O splendor gloriae: Sacred Music of Tudor England (2012)
The Tudor Choir, directed by Doug Fullington
Released Oct 2012
THE TUDOR CHOIR
Doug Fullington, director
1. Sheppard: Libera nos, salva nos I
2. Taverner: Dum transisset Sabbatum I
3. Taverner: Leroy Kyrie
4. Taverner: Quemadmodum
5. Taverner: O splendor gloriae
6. Tallis: O sacrum convivium
7. Tallis: O salutaris hostia
8. Tallis: Suscipe quaeso, Domine
9. Tallis: Loquebantur variis linguis
10. Byrd: Laudibus in sanctis
11. Byrd: Miserere mei
12. Byrd: Ave verum corpus
13. Byrd: Tribue, Domine
14. Sheppard: Libera nos, salva nos II
ABOUT THE MUSIC
TABOUT THE MUSIC This recording offers a survey of Latin-texted sacred music from 16th-century England by four of that country’s greatest composers. Each responded to the religious, political, and musical upheavals of the era in his own personal and artistic way. Together they created a large, varied, and unique repertory bearing a distinctly English sound.
John Taverner (c. 1490-1545) was the most important composer of the first half of the 16th century. He was the first director of music at the newly established Cardinall College from 1525 to 1530. Taverner’s music bridges the gap between the complex, florid style of the Eton Choirbook composers of the late-15th century and the simpler, imitative style of the later mid-16th century composers, including Thomas Tallis and John Sheppard. His work is characterized above all by a sweeping melodic lyricism.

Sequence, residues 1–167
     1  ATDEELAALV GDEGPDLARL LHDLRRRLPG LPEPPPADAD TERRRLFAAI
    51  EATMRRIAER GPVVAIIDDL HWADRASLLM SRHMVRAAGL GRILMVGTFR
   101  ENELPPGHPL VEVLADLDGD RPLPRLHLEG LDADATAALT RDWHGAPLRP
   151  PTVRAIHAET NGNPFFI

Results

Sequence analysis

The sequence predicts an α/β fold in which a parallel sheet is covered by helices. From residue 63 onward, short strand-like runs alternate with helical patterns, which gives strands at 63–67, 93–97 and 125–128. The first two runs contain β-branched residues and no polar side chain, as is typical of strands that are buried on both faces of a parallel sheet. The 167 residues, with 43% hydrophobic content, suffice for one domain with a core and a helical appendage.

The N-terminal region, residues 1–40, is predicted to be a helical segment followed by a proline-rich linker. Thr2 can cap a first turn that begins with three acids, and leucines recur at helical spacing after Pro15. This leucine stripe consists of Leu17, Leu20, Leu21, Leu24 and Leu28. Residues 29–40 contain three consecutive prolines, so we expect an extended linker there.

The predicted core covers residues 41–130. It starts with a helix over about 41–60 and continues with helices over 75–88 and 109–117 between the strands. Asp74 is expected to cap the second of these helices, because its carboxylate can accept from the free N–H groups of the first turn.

The Easter responsory Dum transisset Sabbatum is likely the first “choral” responsory, in which the chant passages sung by the entire choir are set polyphonically. (The older “solo” responsory, on the other hand, includes polyphony for the chant passages sung by solo voices.) Taverner’s setting may well have inspired the large repertory of choral responsories subsequently composed by Tallis and Sheppard, of which the former’s Loquebantur variis linguis is an example.
The Leroy (Anglicized “Le Roi”) Kyrie is based on a melody known as a “square,” which Taverner paraphrases in the treble part throughout. Because the Kyrie, according to England’s Sarum rite, included troped (added) texts that changed per the liturgical calendar, this movement of the ordinary of the Mass was not regularly set polyphonically as part of multi-movement Mass settings. Taverner’s discrete, four-voice setting may have been intended for use at Sunday Lady Mass—a votive Mass sung in honor of the Virgin Mary—when the “Leroy” square was prescribed.